Former Chinese national sports team doctor Xue Yinxian revealed China’s General Administration of Sport had been widely doping Chinese athletes. The whistleblower’s new book—containing extensive evidence on this—will be published before the Beijing Winter Olympics as a reminder to the international community that the Chinese Communist Party (CCP) is violating not only human rights but also the spirit of the Olympics, Xue’s son said.
Xue wrote 68 work diaries from 1978 to 1985 when she served as the head of medical supervision in the Training Bureau of China’s General Administration of Sport. In 2017, Xue fled China with her diaries, and she is now living with her son Yang Weidong in Germany.
Yang, who assisted his mother with the new book entitled “China’s Drug,” told the Chinese-language Epoch Times that in addition to the doping cases that have been detected, the table tennis team, women's volleyball team, gymnastics team, badminton team, etc.—as long as they belong to the 11 teams under the main control of the State General Administration of Sports and the Training Bureau—all are requested to consume performance-enhancing drugs.
“The ‘scientific training’ proposed by the Training Bureau of the CCP’s National Sports Commission is in essence ‘doping training,’” Yang said.
On Oct. 11, 1978, Chen Xian, then vice director of the General Administration of Sport, chaired a meeting of the administration's medical department, which Xue attended as a doctor for the basketball team. At the meeting, Chen said that performance-enhancing drugs were being used abroad, so “why can't we use them?”
At that time, China had just come out of the Cultural Revolution and was facing a severe shortage of materials—even food needed to be bought with rationed tickets. Because of that, the sports department regulator would think the only way for Chinese athletes to get fit and compete in the international arena was to rely on doping substances.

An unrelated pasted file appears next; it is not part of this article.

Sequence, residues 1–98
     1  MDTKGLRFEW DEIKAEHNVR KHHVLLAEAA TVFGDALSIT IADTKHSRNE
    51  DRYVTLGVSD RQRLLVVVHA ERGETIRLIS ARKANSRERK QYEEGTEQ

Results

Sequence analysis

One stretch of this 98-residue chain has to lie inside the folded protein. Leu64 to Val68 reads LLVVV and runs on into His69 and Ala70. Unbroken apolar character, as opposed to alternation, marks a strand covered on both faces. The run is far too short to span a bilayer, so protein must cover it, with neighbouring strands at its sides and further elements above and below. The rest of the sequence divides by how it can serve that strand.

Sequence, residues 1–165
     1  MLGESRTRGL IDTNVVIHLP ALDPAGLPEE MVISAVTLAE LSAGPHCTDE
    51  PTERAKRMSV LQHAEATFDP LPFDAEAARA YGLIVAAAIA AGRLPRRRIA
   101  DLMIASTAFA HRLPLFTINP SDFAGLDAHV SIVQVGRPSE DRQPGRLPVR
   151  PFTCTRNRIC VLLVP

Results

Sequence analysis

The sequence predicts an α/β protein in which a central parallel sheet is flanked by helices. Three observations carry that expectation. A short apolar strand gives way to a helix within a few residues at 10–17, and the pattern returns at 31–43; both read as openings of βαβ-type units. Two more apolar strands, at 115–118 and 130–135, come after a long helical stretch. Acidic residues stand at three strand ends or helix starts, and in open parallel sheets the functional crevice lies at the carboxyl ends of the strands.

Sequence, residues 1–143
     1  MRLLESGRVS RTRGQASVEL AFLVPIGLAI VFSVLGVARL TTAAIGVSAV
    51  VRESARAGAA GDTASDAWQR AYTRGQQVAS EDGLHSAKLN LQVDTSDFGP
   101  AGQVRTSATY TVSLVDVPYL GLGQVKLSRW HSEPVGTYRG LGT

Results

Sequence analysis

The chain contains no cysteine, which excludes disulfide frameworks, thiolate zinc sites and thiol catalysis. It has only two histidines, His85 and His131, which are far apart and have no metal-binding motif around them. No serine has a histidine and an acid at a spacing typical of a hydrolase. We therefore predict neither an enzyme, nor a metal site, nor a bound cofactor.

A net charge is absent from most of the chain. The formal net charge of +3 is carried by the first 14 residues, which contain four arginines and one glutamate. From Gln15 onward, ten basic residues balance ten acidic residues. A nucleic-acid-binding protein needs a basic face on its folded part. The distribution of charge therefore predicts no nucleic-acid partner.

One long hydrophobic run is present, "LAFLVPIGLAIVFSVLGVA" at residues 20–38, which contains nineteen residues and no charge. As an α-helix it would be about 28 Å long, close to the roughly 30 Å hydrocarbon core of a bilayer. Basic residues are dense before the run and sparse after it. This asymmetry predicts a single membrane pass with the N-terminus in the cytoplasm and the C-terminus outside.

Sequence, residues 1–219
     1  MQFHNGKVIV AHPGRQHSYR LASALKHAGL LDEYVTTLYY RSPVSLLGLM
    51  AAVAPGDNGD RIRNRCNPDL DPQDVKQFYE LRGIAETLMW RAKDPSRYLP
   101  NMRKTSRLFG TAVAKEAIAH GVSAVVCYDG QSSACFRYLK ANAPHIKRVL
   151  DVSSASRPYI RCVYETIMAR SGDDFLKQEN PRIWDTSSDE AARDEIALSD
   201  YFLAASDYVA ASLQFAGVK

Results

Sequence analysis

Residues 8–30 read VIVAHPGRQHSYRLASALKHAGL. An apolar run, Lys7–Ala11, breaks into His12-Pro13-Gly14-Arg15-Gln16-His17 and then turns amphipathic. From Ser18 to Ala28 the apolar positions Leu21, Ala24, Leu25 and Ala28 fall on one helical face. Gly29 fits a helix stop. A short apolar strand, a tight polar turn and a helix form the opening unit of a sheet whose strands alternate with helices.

Medals of Chinese Sports Tainted by Doping
The Chinese women's volleyball team won successive international championships after 1981. In fact, Luo Weiwei, a doctor for the Chinese women's volleyball team, has been studying the use of doping since 1980.
In 1982, Luo published two articles on iron tablets (ferrous sulfate) for athletes in the Chinese journal Sports Science, naming Lang Ping, the famous Chinese women's volleyball player, as the one who took the doping.
“She [Lang Ping] was only in her 20s in the 1980s, so how could she afford to fight the system’s demand for taking doping? “said Yang.
Those athletes take 600-800 mg a day and cannot digest the iron, which will be deposited in their bodies for many years before health problems arise. And some who have doped suffered side effects such as unexplained headaches, body aches and pains, and sports injuries that would not otherwise occur, Yang said.
In November 1987, Xue published an article in a gymnastics magazine, analyzing the case of Li Donghua, who was an athlete of the Chinese gymnastics team, after doping continuously for one month. One day, he ruptured his Achilles tendons in both feet when he did a backflip and landed. According to Xue, this is a side effect of doping: the blood vessel walls become very fragile and the Achilles tendons rupture with the slightest external force.